Finland finished with modern slavery

EPA/KIMMO BRANDT

Refugees passing time in front of the Finnish Immigration Service Kaarlenkatu Reception Center in Helsinki, Finland, 14 September 2015.

Finland finished with modern slavery


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Finland has ratified the 2014 Forced Labour Protocol – a sign of its commitment to combat modern slavery. It’s the 11th country to ratify the protocol.

On receiving the instrument of ratification at the headquarters of the International Labour Organization in Geneva, ILO Director-General, Guy Ryder, said that Finland had signalled its “determination to join the global drive to end this scourge once and for all.”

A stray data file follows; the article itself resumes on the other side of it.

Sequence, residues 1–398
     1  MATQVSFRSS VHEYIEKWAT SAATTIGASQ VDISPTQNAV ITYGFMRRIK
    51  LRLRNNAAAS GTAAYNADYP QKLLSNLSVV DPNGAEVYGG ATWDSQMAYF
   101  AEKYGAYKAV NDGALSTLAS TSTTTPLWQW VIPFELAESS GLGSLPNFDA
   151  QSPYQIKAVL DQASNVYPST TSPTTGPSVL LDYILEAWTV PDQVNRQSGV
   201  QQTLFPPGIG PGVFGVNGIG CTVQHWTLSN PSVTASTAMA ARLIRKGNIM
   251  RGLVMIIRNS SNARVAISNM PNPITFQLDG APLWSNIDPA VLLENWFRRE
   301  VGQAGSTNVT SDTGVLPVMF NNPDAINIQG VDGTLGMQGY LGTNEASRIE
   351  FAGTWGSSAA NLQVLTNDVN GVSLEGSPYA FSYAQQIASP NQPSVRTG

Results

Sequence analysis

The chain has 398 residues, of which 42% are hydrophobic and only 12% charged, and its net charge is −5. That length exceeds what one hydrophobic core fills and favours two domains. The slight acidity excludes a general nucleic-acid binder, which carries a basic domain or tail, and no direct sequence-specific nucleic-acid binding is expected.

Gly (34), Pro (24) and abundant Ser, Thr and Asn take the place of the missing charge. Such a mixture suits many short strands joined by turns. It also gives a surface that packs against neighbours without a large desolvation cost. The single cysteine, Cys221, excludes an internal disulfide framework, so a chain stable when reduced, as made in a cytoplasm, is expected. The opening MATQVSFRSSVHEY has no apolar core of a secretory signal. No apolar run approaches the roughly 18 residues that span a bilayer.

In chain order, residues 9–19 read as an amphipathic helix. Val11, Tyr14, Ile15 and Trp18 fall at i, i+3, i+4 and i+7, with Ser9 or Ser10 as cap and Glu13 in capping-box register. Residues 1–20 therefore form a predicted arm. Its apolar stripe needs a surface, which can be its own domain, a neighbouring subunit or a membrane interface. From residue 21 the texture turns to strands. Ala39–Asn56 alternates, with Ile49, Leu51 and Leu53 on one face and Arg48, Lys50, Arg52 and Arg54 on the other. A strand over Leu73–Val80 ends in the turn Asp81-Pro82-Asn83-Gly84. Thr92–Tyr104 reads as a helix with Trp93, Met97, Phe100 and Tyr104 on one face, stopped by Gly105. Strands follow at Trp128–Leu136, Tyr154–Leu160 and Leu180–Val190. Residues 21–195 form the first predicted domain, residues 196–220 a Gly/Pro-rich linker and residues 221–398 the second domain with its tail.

Finland’s Permanent Representative to the UN in Geneva, Ambassador Terhi Hakala, described forced labour as, “a severe violation of the human rights of workers.”

In 2013, an internationally-recognised slavery expert and anti-slavery activist Kevin Bales estimated that there may be more than 600 people in Finland, deprived of their freedom, living and working under conditions that allowed them to be classed as modern-day slaves.

The estimate of over 600 slaves in the country by University of Hull professor Kevin Bales was based on a report on global slavery by the anti-slavery organisation Walk Free.

“Slaves in Finland are forced to work, for example, as sex slaves or slaves in domestic or agricultural jobs,” Bales explained.

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